Monday, December 24, 2012

'Django Unchained,' also unhinged

A different setting, but it's the same old Tarantino.
Having taken vengeance for the horrors Jews suffered at the hands of the Nazis in Inglourious Basterds, Quentin Tarantino shifts his attention to blacks in Django Unchained, a wild assault on the antebellum South: land of plantations, slavery, sexual perversity, leering sadism and bloody violence.

If you're wondering -- as I am -- why Tarantino has assumed so many vengeful burdens, I'll wonder along with you. I leave it you to decide whether Jews and blacks should be grateful, offended or indifferent to revisionist fantasies conducted on their behalf.

I wasn't a total fan of Inglourious Basterds, but I'd rank it above Django Unchained, another Tarantino exercise in genre eclecticism that twists the past into something as lurid as an exploitation movie -- only one in which the comic elements have ceased being inadvertent and clearly were intended.

Django Unchained borrows from Spaghetti Westerns (notably 1966's Django by Sergio Corbucci), rap music (I'm not kidding), Blaxploitation movies of the '70s and even other Tarantino movies. In assembling the movie's several acts, Tarantino creates a work that's wanton in its excessiveness -- and that includes its two-hour and 46-minute length.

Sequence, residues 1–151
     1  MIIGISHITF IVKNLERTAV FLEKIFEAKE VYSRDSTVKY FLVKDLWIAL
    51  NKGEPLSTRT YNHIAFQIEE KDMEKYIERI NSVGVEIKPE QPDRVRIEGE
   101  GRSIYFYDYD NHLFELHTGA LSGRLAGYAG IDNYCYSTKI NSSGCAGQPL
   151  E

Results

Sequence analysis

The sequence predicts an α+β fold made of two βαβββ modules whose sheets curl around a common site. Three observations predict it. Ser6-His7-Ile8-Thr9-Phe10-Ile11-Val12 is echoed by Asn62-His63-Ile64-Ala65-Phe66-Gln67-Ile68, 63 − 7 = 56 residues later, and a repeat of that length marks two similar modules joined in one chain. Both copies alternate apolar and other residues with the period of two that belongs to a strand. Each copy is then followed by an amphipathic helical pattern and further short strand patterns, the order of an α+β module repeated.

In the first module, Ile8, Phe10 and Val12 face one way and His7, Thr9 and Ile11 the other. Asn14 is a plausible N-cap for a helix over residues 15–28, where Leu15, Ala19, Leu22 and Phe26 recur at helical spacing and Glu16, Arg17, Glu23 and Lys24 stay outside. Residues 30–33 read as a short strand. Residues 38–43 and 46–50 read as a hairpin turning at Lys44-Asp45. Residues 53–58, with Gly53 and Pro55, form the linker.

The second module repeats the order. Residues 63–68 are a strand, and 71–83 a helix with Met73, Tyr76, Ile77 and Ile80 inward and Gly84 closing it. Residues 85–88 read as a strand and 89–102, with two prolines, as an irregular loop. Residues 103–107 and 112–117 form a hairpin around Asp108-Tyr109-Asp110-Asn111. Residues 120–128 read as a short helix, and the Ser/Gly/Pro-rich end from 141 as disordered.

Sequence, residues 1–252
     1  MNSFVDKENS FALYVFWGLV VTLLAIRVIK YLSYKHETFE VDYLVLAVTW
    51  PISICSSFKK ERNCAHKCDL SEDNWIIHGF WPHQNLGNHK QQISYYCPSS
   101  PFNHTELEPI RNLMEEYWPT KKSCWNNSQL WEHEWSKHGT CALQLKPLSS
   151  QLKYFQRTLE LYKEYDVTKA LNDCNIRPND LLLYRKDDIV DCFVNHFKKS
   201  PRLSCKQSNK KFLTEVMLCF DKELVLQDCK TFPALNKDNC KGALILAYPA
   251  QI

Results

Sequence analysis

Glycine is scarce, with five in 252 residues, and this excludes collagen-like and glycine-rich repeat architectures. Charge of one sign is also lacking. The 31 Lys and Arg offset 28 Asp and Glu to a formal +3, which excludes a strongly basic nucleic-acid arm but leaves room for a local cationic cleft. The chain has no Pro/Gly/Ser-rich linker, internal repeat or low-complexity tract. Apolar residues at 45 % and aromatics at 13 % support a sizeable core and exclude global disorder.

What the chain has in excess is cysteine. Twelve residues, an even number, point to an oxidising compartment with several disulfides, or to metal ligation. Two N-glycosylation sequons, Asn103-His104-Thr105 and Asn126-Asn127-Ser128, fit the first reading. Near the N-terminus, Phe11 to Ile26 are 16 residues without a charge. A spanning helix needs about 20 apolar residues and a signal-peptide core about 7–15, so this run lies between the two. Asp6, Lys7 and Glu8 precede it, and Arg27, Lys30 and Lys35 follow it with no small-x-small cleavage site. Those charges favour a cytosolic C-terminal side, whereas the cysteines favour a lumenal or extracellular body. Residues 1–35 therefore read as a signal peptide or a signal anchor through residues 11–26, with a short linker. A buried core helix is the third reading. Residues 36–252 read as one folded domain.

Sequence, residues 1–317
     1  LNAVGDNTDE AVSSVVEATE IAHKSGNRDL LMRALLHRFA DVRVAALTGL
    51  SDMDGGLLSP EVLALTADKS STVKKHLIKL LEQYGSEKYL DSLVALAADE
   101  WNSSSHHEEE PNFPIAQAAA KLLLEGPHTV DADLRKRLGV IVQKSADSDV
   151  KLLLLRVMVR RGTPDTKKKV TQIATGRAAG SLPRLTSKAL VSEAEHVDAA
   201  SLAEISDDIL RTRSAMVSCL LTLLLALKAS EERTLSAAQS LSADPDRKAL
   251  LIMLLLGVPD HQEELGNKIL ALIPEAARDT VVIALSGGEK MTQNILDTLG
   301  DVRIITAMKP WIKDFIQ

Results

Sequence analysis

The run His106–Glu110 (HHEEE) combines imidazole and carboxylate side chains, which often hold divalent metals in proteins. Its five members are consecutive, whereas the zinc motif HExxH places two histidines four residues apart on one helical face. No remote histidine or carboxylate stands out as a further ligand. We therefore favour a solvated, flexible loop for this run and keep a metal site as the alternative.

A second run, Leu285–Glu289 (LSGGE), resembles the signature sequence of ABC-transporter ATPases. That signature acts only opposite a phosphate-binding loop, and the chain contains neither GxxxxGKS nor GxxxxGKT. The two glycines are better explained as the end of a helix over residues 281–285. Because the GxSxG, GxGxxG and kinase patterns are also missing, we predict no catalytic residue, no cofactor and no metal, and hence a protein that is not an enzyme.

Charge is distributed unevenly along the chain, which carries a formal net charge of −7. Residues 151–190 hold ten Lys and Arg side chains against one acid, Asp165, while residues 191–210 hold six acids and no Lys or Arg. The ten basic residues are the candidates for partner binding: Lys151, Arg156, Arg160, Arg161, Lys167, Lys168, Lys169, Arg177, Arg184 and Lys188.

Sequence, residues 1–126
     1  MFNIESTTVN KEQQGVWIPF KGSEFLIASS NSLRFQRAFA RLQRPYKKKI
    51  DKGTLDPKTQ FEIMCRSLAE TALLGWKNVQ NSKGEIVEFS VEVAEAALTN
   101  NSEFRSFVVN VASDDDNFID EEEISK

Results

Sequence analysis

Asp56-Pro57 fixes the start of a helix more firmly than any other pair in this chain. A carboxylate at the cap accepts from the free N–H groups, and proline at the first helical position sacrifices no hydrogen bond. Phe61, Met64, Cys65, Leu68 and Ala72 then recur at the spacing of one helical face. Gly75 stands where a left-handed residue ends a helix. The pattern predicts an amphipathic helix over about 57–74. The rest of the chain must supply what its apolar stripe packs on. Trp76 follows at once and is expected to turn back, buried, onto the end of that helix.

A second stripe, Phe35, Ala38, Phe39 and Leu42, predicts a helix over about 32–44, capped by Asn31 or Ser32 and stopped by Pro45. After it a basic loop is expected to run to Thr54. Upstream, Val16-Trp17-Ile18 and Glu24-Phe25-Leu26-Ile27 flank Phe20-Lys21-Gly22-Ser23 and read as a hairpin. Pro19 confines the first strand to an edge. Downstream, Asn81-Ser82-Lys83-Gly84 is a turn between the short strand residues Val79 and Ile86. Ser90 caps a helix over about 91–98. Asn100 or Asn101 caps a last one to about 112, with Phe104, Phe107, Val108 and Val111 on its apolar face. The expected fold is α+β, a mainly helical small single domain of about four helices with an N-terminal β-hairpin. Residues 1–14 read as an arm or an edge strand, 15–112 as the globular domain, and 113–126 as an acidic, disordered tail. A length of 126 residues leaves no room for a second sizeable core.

That's an awfully long time to tell a relatively simple story about Django (Jamie Foxx), a slave who's freed by a bounty hunter and who develops into a kind of laconic cowboy hero with whom no one would want to mess.

Those who know Tarantino's movies (and who doesn't?) won't be surprised to learn that Django Unchained lets the N-word flow freely, includes a surfeit of vividly mounted violence and splashes its way through the kind of old-fashioned southern racism that looks indistinguishable from sadism.

Tarantino fans probably won't mind any of this, and those who don't count themselves among the director's devotees may be consoled by performances that include tasty turns from the incomparable Christoph Waltz (as the bounty hunter who frees Django from slavery and makes him a partner) and Leonardo DiCaprio (as a genteel southern slave owner and monstrous example of humanity).

In many ways, Django is a tonal free-for-all, even boasting a scene that may remind you of Mel Brooks. Tarantino depicts a gathering of Klansman as a convocation of dimwits who complain about not being able to see through the eye holes in masks that have been crudely and ineptly made by the wife of a Klansman.

Other scenes seem to transpose familiar Tarantino tropes (exchanges of dialog that play like gunfights) into new settings.

The story seems nothing more than an outline onto which Tarantino grafts numerous riffs. Waltz's Dr. King Schultz, a former dentist turned bounty hunter, liberates Django in the early going. Schultz's motives aren't entirely altruistic; he knows Django can identify a couple of hoodlums he's been hunting. He wants to collect the reward money.